03 August 2012

Review: Black Heart Blue by Louisa Reid

Black Heart Blue by Louisa Reid

Published: 10 May 2012 by Razorbill

Pages: 266 (paperback)

Genre/s: YA, Social Issues

Source: Own library

Check It Out: Goodreads ~ Amazon ~ Amazon UK ~ The Book Depository

Synopsis (Goodreads)

Hephzibah: You've no idea what it's like having a freak for a sister.

Rebecca: Born first, prettier, Hephzi's always been the popular one.

The Father: When he was busy with his bottle we were usually safe. Usually.

The Mother: Her specialist subject was misery and lessons of painful silence ...

Hephzibah and Rebecca are twins. One beautiful, one disfigured. Trapped with their loveless parents, they dream of a normal life. But when one twin tragically dies, the other must find a way to escape. Because if she doesn't, she'll end up like her sister.

My Thoughts

Black Heart Blue is a book with some pretty intense themes. Living in isolation with their parents, the village vicar and religious extremist The Father and the henpecked The Mother, all they have is each other - until Hephzibah convinces The Mother to let them both attend the local college. Hephzibah is enthralled with their new freedom, and starts to plan her escape from their parents, whilst Rebecca, who was born with Treacher Collins syndrome, tries to just make it through each day without being noticed.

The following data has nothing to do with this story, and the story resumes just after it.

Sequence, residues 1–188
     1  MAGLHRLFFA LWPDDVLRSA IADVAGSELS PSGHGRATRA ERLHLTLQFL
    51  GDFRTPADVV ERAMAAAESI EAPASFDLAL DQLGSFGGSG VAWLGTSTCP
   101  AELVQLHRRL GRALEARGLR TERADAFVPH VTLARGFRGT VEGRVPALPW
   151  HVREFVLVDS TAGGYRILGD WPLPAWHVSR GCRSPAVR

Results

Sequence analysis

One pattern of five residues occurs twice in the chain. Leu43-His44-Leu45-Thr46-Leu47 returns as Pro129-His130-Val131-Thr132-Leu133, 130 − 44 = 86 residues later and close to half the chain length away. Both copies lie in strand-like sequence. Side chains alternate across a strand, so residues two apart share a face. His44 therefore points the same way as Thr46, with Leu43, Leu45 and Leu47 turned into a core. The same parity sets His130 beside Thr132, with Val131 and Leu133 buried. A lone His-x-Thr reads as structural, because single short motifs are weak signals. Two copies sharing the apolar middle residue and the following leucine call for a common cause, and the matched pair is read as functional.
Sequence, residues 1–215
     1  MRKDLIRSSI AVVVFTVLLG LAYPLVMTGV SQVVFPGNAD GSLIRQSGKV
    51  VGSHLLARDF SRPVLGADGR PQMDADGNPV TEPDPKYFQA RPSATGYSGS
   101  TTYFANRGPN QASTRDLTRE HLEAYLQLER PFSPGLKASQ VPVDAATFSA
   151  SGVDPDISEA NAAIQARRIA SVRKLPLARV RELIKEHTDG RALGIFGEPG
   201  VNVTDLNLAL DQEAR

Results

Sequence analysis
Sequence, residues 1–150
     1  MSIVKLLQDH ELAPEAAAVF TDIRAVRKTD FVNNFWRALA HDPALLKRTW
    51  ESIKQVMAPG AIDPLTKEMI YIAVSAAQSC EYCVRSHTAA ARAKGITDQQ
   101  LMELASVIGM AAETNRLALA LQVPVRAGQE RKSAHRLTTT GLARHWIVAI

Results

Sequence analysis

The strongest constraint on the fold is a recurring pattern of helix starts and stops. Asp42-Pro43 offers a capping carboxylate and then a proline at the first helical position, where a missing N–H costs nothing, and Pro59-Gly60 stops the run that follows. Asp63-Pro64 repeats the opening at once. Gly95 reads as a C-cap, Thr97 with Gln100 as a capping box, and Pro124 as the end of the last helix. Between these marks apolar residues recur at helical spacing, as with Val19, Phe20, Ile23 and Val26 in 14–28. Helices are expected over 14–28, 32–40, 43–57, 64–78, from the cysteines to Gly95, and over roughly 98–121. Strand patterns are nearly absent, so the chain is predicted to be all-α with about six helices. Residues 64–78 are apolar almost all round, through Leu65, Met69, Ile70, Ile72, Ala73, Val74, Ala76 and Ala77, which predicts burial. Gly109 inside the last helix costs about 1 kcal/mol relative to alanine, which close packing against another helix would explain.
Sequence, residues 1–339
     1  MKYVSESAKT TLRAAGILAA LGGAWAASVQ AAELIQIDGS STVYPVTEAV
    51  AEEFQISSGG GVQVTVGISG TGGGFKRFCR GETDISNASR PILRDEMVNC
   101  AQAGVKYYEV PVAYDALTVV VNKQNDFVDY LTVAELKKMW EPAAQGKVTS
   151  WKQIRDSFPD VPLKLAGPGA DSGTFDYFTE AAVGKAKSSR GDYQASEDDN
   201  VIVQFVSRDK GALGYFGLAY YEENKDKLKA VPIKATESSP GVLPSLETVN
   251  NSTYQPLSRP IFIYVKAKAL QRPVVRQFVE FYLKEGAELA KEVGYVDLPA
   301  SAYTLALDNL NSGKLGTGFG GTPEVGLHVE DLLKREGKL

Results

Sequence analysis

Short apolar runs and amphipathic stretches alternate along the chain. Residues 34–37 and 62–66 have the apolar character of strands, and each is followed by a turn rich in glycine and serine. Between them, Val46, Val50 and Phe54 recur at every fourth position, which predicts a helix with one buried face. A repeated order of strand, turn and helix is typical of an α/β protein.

Told in alternating POVs, with Rebecca taking the 'now' and Hephzibah taking the 'before', it's a harrowing, disturbing tale. As the story progresses, the tension builds as secrets are revealed by both sisters.
However, as much as I tried, I couldn't connect with Hephzibah.

Instead of defending her twin sister, with whom she has endured some terrible things in their short lives, once they are allowed to attend college, she pretty much abandons her to their parents abuse, school-yard bullying and uses her to cover up when she begins to sneak out to meet the boy she has a crush on, knowing full well that Rebecca would bear the full brunt of any punishment.

While I understand where Ms Reid was going with the character of Hephzibah, and the point she was trying to make, it actually made me a little unsympathic towards her - and if I had liked her, I would have liked this book far more.

But I did like Rebecca, and my heart broke for her over and over again. Locked inside a loveless house, without her sister and with seemingly no possibility to escape, she grows and develops into a strong young woman, despite everything life has so unfairly thrown at her.

A shocking story, which takes darker twists and turns than I had imagined, Black Heart Blue is extremely well written, but without the connection to one of the main characters, I just couldn't completely immerse myself in it.

1 comment:

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